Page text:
Approaching her 50th birthday, she felt very different. 'When I went to Eldfell at 40, I was still trying to have a child. I was thinking, "Will I get to bring my child at 50?" I did not think that my mother would be gone (she died in 2020). This time last year, I was thinking: "I will go to the volcano and it will be so sad! How can I flip that feeling into something extremely life-full?"'
That prompted a generous impulse to find other artists, writers and scientists who had worked on Eldfell. A core of four – Halperin, co-curator Vala Pálsdóttir, anthropologist Gíslí Pálsson and artist Þorgerður Ólafsdóttir (who graduated from GSA a decade after Halperin) – grew into a group of 20 people from all over the world.
As well as co-curating, Halperin made new work for the show, which also included scientific material: core samples of lava, a seismograph of the volcano's first 'birthing' movements, and a rock from a 'sister' volcano, Nishinoshima in Japan, born the same year.
'In a way, it felt like I was making a dream show, to be able to invite other people in, to be able to bring Nishinoshima to Eldfell, to reach out to John McPhee (now 92, who wrote a short essay). It's a wishlist of all the things I'm passionate about and to be able to bring it all together in one place felt like a miracle. It was a beautiful, powerful, tender exhibition.'
If there is one word which describes Halperin's approach to art-making, it might be 'tender'. Whether working in drawing, watercolour, printmaking, film, sculpture or performance, everything she does is considered and thoughtful, often the product of long research or long collaboration with scientists. While it's often beautiful, it tends to be unostentatious; works are often small, but address the biggest of themes.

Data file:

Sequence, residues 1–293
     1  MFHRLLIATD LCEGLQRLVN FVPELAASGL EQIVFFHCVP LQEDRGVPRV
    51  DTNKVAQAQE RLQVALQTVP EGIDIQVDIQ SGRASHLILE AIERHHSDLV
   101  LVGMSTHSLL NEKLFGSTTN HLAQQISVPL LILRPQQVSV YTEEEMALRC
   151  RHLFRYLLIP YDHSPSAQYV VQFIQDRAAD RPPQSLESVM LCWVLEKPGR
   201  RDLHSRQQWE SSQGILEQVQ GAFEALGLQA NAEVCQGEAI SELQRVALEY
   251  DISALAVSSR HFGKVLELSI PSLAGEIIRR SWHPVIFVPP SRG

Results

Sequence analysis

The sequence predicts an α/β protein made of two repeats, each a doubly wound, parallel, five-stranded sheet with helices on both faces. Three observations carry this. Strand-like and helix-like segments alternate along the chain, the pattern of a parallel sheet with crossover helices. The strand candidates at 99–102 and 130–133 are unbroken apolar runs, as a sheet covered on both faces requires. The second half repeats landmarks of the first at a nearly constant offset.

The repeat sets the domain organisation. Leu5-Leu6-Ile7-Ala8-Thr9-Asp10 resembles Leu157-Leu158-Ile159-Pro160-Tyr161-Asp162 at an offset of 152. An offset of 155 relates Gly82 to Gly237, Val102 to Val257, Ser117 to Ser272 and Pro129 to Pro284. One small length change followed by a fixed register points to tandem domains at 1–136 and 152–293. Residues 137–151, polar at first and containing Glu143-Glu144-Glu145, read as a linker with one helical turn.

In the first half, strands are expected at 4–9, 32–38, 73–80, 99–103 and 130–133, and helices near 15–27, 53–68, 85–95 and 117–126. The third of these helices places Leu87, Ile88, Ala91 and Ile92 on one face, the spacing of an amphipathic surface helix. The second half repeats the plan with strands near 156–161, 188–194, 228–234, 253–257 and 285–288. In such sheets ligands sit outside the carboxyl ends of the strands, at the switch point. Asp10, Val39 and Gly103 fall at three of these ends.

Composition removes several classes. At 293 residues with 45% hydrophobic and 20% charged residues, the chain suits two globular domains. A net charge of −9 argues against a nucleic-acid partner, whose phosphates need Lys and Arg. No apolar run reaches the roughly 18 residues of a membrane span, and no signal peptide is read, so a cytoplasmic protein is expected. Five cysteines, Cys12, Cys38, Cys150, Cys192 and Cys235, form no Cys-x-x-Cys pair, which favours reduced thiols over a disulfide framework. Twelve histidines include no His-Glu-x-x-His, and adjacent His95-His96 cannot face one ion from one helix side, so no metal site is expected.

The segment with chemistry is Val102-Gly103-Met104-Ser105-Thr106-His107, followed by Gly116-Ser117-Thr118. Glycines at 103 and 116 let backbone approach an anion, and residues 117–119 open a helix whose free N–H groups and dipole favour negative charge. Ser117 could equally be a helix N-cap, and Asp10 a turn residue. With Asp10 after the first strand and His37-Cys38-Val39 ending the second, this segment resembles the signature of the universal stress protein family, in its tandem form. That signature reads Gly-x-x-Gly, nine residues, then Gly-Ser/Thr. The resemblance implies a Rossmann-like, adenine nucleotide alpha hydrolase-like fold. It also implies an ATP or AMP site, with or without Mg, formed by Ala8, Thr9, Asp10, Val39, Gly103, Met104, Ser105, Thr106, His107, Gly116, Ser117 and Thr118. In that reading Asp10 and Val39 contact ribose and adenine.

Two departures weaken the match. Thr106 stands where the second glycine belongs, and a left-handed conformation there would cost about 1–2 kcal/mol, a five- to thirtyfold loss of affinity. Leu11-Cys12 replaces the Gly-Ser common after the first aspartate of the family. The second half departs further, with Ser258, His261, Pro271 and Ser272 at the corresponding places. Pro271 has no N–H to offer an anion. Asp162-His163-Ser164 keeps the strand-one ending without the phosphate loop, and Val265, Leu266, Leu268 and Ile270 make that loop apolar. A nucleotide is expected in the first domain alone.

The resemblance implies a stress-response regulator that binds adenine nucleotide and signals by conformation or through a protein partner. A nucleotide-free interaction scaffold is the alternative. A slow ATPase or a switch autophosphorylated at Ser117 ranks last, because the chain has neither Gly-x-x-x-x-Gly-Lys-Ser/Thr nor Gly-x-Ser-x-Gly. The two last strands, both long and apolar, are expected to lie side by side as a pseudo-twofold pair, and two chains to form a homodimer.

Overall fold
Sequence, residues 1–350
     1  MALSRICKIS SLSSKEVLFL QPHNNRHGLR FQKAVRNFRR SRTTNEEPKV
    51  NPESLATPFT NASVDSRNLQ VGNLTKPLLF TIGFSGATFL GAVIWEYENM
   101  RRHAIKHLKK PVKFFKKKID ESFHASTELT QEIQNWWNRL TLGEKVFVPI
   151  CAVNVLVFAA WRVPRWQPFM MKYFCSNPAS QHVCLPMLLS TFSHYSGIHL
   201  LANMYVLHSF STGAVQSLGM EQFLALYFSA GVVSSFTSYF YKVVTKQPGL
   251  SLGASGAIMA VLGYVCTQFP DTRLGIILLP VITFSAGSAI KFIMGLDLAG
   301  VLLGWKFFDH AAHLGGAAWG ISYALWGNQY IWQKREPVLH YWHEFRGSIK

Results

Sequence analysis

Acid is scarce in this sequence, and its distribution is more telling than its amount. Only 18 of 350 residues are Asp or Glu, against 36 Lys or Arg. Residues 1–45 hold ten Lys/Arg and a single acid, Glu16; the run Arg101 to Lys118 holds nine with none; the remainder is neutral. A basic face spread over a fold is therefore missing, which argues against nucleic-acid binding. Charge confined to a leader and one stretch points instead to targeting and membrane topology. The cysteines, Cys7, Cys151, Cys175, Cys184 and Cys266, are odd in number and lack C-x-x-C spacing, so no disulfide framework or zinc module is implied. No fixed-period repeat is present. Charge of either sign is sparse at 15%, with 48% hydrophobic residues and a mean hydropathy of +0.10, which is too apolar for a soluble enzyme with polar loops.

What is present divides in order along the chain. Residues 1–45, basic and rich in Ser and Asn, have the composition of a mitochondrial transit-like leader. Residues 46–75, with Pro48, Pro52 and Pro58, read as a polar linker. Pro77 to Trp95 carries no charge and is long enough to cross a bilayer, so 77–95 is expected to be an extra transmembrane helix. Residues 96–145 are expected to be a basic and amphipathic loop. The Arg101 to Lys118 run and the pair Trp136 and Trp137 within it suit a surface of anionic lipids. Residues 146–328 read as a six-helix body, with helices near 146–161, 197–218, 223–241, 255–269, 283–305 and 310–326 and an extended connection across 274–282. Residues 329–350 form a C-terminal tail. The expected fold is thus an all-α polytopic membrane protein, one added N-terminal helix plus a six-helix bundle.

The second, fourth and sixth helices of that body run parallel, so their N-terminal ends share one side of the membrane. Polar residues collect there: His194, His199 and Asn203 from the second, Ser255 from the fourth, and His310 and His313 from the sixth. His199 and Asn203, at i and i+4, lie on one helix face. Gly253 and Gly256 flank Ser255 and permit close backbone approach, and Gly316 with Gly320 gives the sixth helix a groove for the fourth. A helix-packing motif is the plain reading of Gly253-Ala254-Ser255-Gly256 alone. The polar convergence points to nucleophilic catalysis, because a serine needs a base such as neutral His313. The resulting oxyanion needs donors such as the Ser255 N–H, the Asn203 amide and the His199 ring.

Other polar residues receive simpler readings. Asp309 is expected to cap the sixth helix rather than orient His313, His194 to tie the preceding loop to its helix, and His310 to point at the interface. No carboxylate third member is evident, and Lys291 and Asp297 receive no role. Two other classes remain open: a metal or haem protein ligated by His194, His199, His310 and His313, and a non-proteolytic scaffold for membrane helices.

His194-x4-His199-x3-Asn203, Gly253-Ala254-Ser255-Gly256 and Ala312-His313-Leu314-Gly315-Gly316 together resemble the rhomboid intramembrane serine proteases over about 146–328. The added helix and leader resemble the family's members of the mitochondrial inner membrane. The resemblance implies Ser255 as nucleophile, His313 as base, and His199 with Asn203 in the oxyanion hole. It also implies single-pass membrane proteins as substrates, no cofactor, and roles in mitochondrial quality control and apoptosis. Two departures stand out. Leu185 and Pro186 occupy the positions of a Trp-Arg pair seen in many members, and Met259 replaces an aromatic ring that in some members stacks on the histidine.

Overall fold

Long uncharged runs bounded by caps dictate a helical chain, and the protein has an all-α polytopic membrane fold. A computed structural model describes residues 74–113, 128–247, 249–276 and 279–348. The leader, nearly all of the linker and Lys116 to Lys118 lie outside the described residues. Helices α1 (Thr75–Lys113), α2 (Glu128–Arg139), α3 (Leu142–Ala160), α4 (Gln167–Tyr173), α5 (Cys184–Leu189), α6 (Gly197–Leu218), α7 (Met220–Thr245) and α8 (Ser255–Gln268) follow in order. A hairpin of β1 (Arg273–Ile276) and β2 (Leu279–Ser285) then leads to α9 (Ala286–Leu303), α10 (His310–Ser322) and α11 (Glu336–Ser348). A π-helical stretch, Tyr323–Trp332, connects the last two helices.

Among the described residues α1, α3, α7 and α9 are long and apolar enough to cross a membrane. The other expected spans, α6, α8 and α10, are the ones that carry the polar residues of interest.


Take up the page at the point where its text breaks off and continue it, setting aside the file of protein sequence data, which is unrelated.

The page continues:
Her approach and her integrity have earned her respect in the fields of both art and geology, and opportunities to work in some of the geological hotspots of the world, from the UNESCO Geo Park of Haute-Provence, to Japan, Hawaii and Iceland.
Her work has been shown at galleries and museums around the world, from San Francisco's Exploratorium to her 'vast' exhibition in 2012, 'Steine', at Berlin's Museum of Medical History, which considered body stones as new land masses made by and within the human body. A book of essays about her work, Felt Events, was published in 2022.
In 2012, she returned to the Rocks and Minerals collection in the American Museum of Natural History in New York, taking time over five years of visits to look at the extensive collection of samples. 'I knew I was moved by looking at these minerals which were born in the same place I was, but I didn't know what it meant. Then, on one visit, I came across a piece of garnetiferous gneiss from 87th Street and Broadway, and everything clicked into place. I was born on that block, where this piece of rock was found 150 ft below the sidewalk.'
Returning to the drawers, she found a further 17 minerals that correlated with her personal geography: her elementary school, her first studio, the hospital where her father died. Stones became connections to memory and imagination, a way into thinking about her relationship with the city, its cultural history, and her own family's history.